July 11, 2018
Appraisal of a Rare Early English Book – How much is my 17th century book worth?
I am a very active buyer of early English books and tracts from the 1500s through the 18th century.
I recently received this interesting 17th century work – Walter Cradock’s “Gospel-libertie: in the extensions limitations of it.”
One of the difficulties of buying a rare book like this from private person or family, is making a fair evaluation and offer. After all, somebody who has inherited a book or library, may not have a full sense of the value of their book or collection. They may also have high expectations- as many people reasonably would for a book that is 370 years old!
In such circumstances, a rare book dealer should try to be as transparent as possible. Usually, one is not dealing with unique works of art, but rather with books – even rare ones – that have nevertheless sold previously and for which their are comparable examples in the auction records. I am always happy to supply such comparables from databases such as Rare Book Hub or the American book prices current etc. for books that are emailed or sent to me.
So, what is this 1648 copy of Gospel-libertie worth? When considering this important question, one has to consider many aspects the book.
2) It’s interesting: The author, Walter Cradock, was an unflinching advocate of liberty of conscience. Some considered him a Puritan dissenter or a radical troublemaker (who doesn’t like books by troublemakers?). A reading of the work shows he was no doubt influenced by the religious upheaval of the English Civil War as well as the early preaching of the Gospel in the new English colonies. As an early work that promoted religious liberty, it resonates with modern readers. All good.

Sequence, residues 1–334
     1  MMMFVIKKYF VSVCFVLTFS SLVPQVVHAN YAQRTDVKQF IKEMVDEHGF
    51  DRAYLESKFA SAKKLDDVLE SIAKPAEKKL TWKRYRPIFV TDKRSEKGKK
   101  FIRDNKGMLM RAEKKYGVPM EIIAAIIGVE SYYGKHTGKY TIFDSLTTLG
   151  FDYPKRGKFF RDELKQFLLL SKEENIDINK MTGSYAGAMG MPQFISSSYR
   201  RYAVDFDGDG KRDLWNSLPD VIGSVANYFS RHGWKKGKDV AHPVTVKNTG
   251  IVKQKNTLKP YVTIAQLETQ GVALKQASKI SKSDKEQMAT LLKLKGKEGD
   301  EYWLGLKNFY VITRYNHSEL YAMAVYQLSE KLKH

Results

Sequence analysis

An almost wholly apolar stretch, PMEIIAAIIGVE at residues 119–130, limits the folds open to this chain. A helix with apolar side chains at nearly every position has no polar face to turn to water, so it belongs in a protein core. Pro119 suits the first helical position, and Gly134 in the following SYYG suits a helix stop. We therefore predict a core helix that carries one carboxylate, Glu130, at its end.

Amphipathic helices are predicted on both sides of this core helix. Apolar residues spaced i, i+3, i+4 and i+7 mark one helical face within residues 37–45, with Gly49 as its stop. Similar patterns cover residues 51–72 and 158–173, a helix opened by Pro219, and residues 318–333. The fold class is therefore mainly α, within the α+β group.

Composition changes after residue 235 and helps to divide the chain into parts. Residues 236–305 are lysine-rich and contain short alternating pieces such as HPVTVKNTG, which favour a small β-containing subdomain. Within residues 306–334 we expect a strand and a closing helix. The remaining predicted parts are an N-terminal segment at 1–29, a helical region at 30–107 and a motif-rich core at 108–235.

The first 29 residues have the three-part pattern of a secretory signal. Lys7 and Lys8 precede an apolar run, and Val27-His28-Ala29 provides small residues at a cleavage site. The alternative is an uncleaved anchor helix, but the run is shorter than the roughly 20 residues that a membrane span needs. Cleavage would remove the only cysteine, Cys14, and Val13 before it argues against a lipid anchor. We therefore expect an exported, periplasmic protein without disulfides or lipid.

3) It’s charming: Wrapped in old paper boards and with a 19th century (or earlier) string holding the loose signatures together, it certainly has some vintage charm and visual appeal.
4) Nevertheless, it is (at least for serious collectors) in poor condition. The text block is broken, some pages are detached and internally, it has had its fair share of the ravages of time. Frustratingly, it is also lacking a single page of the table at the end (underscoring the importance of properly ‘collating’ a book and verifying its completeness).
Adam Weinberger, Member ABAA
Rare Book Buyer
1510 Lexington Ave 9D
NY, NY 10029
(646) 469 1851
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